Albanian opposition leader charged with inciting violence

 Albanian opposition leader charged with inciting violence
By Valentina Dimitrievska in Skopje February 26, 2017

Albanian police have launched criminal proceedings against the leader of the opposition Democratic Party, Lulzim Basha, for inciting violence during recent anti-government protests. 

The Democrats held a mass protest in Tirana on February 18, demanding the resignation of Socialist Prime Minister Edi Rama. They want a caretaker government to be installed to organise a free and fair general election on June 18. Should Basha be imprisoned or the opposition decide to boycott the vote, this would undermine the legitimacy of the election, which is crucial for Albania’s progress towards EU accession. 

The criminal proceedings against Basha were filed with the Tirana Prosecution Office. According to the Albanian penal code, Basha could be sentenced to up to three years in prison if found guilty of the charges, though he might only receive a fine.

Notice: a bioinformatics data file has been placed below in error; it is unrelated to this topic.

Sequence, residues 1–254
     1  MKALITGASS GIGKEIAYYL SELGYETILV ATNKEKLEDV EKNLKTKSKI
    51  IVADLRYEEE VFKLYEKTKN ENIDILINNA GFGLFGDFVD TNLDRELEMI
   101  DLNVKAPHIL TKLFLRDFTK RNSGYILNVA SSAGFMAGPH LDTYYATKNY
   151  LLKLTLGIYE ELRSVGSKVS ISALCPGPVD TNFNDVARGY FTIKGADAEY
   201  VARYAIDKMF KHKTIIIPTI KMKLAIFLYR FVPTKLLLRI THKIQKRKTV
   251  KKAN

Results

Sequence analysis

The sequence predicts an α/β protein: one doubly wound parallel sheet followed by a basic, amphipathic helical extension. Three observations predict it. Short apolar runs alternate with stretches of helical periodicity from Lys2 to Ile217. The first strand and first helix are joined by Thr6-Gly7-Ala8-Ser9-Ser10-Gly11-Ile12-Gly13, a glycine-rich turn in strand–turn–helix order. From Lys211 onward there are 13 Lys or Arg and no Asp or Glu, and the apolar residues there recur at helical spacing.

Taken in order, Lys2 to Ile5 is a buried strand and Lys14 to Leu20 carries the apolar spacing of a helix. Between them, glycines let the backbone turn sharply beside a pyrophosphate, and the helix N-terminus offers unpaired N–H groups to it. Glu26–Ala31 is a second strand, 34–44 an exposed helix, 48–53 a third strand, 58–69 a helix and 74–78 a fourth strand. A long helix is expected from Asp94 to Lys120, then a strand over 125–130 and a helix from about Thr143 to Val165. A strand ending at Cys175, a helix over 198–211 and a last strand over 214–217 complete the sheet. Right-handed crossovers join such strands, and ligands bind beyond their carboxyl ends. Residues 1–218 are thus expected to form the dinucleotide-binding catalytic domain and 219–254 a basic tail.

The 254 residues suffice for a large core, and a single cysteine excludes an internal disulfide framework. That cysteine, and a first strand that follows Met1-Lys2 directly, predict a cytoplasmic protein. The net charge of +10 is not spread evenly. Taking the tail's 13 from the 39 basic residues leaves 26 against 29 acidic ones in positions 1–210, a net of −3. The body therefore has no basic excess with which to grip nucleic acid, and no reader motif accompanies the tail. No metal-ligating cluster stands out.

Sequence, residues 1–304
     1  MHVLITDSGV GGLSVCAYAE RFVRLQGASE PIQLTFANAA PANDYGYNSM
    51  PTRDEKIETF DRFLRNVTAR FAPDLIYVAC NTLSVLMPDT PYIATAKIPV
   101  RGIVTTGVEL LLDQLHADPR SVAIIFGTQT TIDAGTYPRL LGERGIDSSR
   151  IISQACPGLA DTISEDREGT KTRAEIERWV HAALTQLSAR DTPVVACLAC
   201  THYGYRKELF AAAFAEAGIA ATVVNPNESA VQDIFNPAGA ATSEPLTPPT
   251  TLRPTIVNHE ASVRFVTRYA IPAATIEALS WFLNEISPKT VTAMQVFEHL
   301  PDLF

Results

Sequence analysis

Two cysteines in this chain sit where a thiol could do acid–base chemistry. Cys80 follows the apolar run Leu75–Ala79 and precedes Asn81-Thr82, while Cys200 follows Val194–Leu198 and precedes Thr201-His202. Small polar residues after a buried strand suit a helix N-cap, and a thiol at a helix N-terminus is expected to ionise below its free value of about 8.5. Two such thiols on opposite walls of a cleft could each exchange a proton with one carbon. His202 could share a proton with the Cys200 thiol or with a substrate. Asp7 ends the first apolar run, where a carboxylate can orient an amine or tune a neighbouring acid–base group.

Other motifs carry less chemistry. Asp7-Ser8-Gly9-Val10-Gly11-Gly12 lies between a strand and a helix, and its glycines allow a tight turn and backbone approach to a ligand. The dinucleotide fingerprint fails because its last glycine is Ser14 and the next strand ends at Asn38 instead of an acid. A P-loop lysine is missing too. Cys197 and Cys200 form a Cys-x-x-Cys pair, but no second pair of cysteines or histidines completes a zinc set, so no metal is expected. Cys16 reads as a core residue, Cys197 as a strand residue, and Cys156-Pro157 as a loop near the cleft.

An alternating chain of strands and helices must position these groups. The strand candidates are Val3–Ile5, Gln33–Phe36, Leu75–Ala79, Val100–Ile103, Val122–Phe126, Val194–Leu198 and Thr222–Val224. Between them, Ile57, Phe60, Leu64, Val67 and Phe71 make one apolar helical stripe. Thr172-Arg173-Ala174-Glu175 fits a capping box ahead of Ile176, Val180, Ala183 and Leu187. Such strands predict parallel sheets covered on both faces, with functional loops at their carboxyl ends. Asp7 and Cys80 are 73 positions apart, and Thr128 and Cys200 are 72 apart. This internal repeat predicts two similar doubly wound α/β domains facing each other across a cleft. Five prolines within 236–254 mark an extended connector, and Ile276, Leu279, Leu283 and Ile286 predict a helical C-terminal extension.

Over 10,000 people joined the Democratic Party protest on February 18, during which activists pitched a large tent in front of the PM office. 

Basha toughened his tone during a speech inside the opposition tent in the central Tirana square, urging citizens to react with violence against institutions, Albanian Daily News reported.

“If they want war they will have it. Puncture their car tyres, break their office windows… It's time to drag them out of their offices,” Basha was cited as saying.

On February 23, Democratic Party MPs also boycotted a parliament session.

The protest continued despite an appeal from EU Enlargement Commissioner Johannes Hahn to end the boycott and work with the government to implement judicial reforms.

According to Hahn, it is very important for parliamentary work to continue at a time when substantial reforms are on the agenda, such as setting up vetting bodies as part of the judicial reforms, as well as implementation of electoral reforms.

The upcoming election, together with the judicial reforms currently in progress, could pave the way for Albania to launch long-awaited EU accession negotiations. The country has been an EU candidate since June 2014. 

However, the opposition has called for even bigger protests in Tirana ahead of the June election.

Meanwhile, Rama has accused the opposition of obstructing the judicial reforms with their protests, adding that the country "has no future without cleaning the debris of the last 25 years" following the fall of the communism.

 

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